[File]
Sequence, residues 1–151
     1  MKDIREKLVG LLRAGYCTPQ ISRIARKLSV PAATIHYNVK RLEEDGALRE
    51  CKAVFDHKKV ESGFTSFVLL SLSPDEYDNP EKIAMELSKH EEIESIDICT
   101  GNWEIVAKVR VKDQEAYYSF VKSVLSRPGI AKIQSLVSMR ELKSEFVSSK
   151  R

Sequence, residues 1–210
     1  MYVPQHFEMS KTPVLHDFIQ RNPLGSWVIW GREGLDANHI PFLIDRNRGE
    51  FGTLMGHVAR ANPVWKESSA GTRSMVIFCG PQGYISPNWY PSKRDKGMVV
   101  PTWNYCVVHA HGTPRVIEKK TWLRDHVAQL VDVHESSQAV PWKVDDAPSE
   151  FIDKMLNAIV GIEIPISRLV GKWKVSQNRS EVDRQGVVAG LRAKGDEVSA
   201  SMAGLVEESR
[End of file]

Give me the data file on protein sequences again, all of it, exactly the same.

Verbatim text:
Sequence, residues 1–151
     1  MKDIREKLVG LLRAGYCTPQ ISRIARKLSV PAATIHYNVK RLEEDGALRE
    51  CKAVFDHKKV ESGFTSFVLL SLSPDEYDNP EKIAMELSKH EEIESIDICT
   101  GNWEIVAKVR VKDQEAYYSF VKSVLSRPGI AKIQSLVSMR ELKSEFVSSK
   151  R

Sequence, residues 1–210
     1  MYVPQHFEMS KTPVLHDFIQ RNPLGSWVIW GREGLDANHI PFLIDRNRGE
    51  FGTLMGHVAR ANPVWKESSA GTRSMVIFCG PQGYISPNWY PSKRDKGMVV
   101  PTWNYCVVHA HGTPRVIEKK TWLRDHVAQL VDVHESSQAV PWKVDDAPSE
   151  FIDKMLNAIV GIEIPISRLV GKWKVSQNRS EVDRQGVVAG LRAKGDEVSA
   201  SMAGLVEESR